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Keywords:

  • Australia;
  • caesium-137;
  • geostatistics;
  • soil erosion;
  • stochastic simulation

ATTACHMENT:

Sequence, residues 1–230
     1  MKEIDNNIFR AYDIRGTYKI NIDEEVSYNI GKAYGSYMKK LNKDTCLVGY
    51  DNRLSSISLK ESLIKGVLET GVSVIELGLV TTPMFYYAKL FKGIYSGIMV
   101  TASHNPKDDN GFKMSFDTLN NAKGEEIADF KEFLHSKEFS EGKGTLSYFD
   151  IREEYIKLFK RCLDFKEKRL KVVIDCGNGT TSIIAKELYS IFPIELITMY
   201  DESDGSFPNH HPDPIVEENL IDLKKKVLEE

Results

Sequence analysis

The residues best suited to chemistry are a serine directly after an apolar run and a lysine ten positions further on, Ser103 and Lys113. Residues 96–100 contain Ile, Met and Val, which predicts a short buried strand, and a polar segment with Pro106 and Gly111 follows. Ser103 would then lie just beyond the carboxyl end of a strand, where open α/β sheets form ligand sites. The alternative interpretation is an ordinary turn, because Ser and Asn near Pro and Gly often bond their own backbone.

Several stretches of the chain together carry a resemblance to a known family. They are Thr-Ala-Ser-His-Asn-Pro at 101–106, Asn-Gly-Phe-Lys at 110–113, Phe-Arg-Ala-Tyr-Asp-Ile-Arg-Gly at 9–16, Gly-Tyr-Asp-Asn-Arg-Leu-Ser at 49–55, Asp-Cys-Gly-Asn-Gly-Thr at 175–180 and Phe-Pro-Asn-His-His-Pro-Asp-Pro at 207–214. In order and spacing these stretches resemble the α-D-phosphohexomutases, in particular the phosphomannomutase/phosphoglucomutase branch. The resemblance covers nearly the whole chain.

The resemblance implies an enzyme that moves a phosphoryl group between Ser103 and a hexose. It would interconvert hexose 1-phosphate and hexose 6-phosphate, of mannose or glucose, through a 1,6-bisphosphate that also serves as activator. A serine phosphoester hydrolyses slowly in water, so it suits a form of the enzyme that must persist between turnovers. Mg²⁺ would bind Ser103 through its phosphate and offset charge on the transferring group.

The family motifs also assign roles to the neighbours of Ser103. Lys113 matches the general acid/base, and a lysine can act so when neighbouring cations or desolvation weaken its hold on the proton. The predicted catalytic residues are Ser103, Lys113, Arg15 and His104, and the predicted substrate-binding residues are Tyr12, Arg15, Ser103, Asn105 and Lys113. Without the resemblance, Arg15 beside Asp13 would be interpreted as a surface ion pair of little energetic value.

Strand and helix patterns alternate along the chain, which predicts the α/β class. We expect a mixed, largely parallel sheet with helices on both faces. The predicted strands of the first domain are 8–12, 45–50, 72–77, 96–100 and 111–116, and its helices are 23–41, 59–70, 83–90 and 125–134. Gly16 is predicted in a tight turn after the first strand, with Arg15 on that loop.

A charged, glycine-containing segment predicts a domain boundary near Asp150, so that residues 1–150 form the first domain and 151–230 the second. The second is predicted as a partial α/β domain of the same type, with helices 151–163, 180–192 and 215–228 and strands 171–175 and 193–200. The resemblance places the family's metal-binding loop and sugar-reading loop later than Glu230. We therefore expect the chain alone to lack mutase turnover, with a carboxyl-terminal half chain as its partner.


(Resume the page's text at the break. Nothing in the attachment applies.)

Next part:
[1] The caesium-137 (137Cs) technique has been used successfully in many parts of the world to estimate net (ca. 30–50 years) soil redistribution by wind and water erosion and tillage activities. The point-based technique has hitherto been confined largely to individual fields and hillslopes, particularly in Australia. Its application here to the Australian continent (≈5 km grid) was achieved using geostatistics and nationally coordinated measurements (early 1990s) from ≈200 locations at the ≈1 km scale. A map of the 137Cs reference inventory for Australia has been previously established. Sequential indicator co-simulation of the 137Cs inventory and the Australian Soil Classification was used to estimate net (between mid-1950s and early 1990s) soil redistribution using the Australian Empirical Model. This geostatistical approach showed that nearly five times more soil was lost from cultivated land (−4.29 to +0.17 t ha−1 yr−1) than from uncultivated (−0.91 to +0.05 t ha−1 yr−1) land in Australia. This information on spatial uncertainty is essential for regional soil management to assess the risk to soil conservation. Soil erosion exceeding a tolerable threshold value (e.g., 0.5 t ha−1 yr−1) occurred over 16% of Australia, mainly in cultivated regions (median = −1.26 t ha−1 yr−1). Soil erosion estimates are neglected in carbon balances for greenhouse gas abatement and carbon accounting models. Reliable quantitative data on the recent extent and rates of soil erosion are needed to underpin the selection of effective soil conservation measures, to inform carbon balances and to understand regional soil function for sustainable agricultural systems.